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Thread: Help needed - Progression harmonic analysis

  1. #1
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    Help needed - Progression harmonic analysis

    Hello, my friends

    I need your help in understanding a progression I came up with when jamming with my guitar. It sound good so I wanted to know what is it but....some doubts appeared.

    This is the staff:
    Progression.jpg

    Initially I tried to see if it was based in a major scale but it seems not ot be the case because:

    1 - The accidentals (D#, A#, G#) do not fit into a specific major scale. It could be BMaj scale but then we have that F when it should be an F#.

    2 - The chords' qualities do not match. They are all major chords (except a sus4).

    But then I remembered the enharmonic spelling and I could make it based on the EbMaj scale (D#, A#, G# => Eb, Bb, Ab).

    This was a possibility since the beginning because I was jamming on top of a little piece that I wrote in F Dorian mode (at least an attempt).

    As far as I understand this progression is a some kind of an F Dorian progression but I can't understand how to interpret the harmonic analysis regarding the chords because, as I said, they are all major chords.

    I came up with a possibility which I don't know if it is correct or not.
    We have the following chords:

    (FMaj - FMaj7) - (EbMaj - EbMaj7) - (Bbsus4 - BbMaj) - (AbMaj6) - (FMaj)

    I put them in brackets to separate them in 4 different classes (considering F chords as I chords):


    (FMaj - FMaj7) - I chords

    (EbMaj - EbMaj7) - VII chords

    (Bbsus4 - BbMaj) - IV chords

    (AbMaj6) - III chords

    (FMaj) - I chord

    Can we consider a diatonic substitution and think of the VII chords as V chords and the III as I?

    I'm not sure about this because of the chords' qualities. Comparing the chord tones between chords, in general they match but there are some "cases" like, for example, the EbMaj chord shares two tones only with the Bbsus4 and the EbMaj7 has common tones only with Bbsus4 and with BbMaj (this one only because of the 6).
    It seems as if these four chords transit from one to the next by changing gradually the common tones (I see it as a ladder):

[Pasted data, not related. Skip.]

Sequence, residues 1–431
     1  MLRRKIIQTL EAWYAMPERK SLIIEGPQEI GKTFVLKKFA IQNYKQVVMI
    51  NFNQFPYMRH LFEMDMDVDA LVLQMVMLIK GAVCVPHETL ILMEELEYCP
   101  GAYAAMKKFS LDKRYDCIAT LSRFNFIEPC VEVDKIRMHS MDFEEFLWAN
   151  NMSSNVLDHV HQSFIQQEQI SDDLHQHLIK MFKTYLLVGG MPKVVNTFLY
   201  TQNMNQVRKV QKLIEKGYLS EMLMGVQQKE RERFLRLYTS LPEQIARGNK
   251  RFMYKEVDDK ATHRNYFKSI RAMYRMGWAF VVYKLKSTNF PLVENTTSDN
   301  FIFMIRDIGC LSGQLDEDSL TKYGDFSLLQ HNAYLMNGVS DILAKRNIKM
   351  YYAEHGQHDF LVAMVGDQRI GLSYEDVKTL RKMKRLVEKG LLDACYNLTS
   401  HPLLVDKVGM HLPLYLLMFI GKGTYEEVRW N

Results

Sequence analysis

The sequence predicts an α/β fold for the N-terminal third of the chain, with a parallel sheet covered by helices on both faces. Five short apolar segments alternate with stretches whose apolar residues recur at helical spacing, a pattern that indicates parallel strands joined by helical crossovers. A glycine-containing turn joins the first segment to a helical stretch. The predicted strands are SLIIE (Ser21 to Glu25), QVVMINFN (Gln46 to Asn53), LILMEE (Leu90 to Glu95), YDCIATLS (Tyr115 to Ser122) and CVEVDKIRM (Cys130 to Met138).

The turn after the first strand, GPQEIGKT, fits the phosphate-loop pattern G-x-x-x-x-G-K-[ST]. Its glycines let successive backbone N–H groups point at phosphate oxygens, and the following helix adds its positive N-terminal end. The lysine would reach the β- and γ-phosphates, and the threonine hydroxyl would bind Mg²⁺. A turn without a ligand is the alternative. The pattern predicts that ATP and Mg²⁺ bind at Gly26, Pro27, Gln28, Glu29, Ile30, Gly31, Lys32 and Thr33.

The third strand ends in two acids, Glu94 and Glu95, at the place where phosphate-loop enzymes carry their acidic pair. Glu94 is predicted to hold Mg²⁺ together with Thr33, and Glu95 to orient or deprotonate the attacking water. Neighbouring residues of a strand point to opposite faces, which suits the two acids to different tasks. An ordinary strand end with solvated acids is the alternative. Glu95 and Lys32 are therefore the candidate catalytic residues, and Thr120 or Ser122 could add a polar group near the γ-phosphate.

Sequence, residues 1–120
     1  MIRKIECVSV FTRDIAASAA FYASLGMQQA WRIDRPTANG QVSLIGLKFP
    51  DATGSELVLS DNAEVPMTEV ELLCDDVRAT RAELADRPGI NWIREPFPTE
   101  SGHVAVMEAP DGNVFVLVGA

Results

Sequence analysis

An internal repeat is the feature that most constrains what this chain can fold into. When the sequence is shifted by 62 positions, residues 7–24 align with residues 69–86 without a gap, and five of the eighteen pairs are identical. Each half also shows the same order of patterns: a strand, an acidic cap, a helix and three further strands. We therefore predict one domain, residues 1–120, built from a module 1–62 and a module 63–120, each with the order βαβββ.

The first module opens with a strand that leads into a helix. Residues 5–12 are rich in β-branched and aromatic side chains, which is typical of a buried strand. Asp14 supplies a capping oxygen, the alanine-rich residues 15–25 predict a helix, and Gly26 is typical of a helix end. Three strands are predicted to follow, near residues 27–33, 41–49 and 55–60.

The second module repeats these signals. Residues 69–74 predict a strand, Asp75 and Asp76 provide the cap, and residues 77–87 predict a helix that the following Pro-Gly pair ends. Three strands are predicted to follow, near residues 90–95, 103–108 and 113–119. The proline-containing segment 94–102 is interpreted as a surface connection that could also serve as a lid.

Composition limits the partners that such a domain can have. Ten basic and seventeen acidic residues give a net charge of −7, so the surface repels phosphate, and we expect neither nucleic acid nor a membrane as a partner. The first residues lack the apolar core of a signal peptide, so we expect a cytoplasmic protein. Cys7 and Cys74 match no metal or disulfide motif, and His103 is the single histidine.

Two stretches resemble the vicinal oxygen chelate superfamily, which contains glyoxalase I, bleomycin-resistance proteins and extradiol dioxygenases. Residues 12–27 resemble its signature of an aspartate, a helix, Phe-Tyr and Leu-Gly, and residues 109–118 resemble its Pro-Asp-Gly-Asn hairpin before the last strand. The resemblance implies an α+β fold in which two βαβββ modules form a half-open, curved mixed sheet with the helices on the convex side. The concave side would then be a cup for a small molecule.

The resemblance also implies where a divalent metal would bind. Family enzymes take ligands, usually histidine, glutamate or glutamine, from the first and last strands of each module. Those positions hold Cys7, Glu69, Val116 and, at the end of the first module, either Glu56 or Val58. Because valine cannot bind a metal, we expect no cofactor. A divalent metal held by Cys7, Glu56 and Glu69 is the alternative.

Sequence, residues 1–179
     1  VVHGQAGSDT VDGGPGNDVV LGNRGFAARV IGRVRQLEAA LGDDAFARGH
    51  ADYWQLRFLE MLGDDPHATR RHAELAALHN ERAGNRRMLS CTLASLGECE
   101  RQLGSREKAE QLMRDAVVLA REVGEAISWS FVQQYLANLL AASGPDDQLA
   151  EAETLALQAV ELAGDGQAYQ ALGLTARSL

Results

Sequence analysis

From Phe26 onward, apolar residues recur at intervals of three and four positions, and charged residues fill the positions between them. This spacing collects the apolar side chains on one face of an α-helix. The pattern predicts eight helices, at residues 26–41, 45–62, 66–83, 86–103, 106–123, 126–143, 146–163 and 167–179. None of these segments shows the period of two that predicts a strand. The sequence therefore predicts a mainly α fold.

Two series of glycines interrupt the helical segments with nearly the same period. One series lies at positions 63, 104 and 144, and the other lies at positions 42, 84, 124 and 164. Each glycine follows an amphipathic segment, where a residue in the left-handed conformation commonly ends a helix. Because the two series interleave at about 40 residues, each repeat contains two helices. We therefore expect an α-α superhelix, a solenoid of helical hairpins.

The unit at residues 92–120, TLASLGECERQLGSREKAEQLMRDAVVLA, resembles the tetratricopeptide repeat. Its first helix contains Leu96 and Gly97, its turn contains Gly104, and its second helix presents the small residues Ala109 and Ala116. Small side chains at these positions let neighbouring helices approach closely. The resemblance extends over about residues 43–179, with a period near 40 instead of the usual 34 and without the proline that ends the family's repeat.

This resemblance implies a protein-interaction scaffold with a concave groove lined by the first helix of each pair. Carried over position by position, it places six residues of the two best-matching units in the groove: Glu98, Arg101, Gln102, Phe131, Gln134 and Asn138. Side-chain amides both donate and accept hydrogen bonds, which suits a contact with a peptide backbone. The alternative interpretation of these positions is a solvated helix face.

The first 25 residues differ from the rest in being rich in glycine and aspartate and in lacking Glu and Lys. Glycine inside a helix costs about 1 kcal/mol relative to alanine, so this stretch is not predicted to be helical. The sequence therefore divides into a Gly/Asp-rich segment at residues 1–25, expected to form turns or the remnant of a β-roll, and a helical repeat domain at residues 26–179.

_________________________________
    EbMaj (1-3-5 / Eb G Bb)
    Eb Bb Eb G
    _________________________________
    EbMaj7 (1-3-5-7 / Eb G Bb D)
    D Bb Eb G
    _________________________________
    Bbsus4 (1-4-5 / Bb Eb F)
    F Bb F Bb Eb F
    _________________________________
    BbMaj (1-3-5 / Bb D F)


    Also, the AbMaj6 has two common tones with the FMaj just because of the 6.

    If this line of thought is correct, can I consider this progression as a I-V-IV-I (F Dorian Turnaround, I think)?

    BTW, I know the key signature is missing.
    Last edited by rbarata; 04-26-2012 at 11:14 PM.

  2. #2
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    Quote Originally Posted by rbarata View Post
    (considering F chords as I chords):

    (EbMaj - EbMaj7) - VII chords
    If F is your I, then Eb is actually bVII.

    Quote Originally Posted by rbarata View Post
    (AbMaj6) - III chords
    Similarly Ab would be bIII.


    If you're thinking it's some sort of I/IV/V progression in F major where does it follow that it has anything to do with F Dorian???
    Last edited by walternewton; 04-27-2012 at 12:46 AM.

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    If F is your I, then Eb is actually bVII.
    Yes, but I working in the EbMaj scale. The same goes for the Ab.

    If you're thinking it's some sort of I/IV/V progression in F major where does it follow that it has anything to do with F Dorian???
    Probably nothing. I'm considering FMaj as the I chord but in the context of the Eb Maj scale. Therefore, I have chords such as EbMaj, BbMaj and AbMaj. Doesn't it give the piece a modal flavour?


    One question...
    In a modal piece what is the key? In this case, I'm using the EbMaj scale but starting on F. Shall I consider F as my Tonic or is it Eb? In my point of view F should be the Tonic.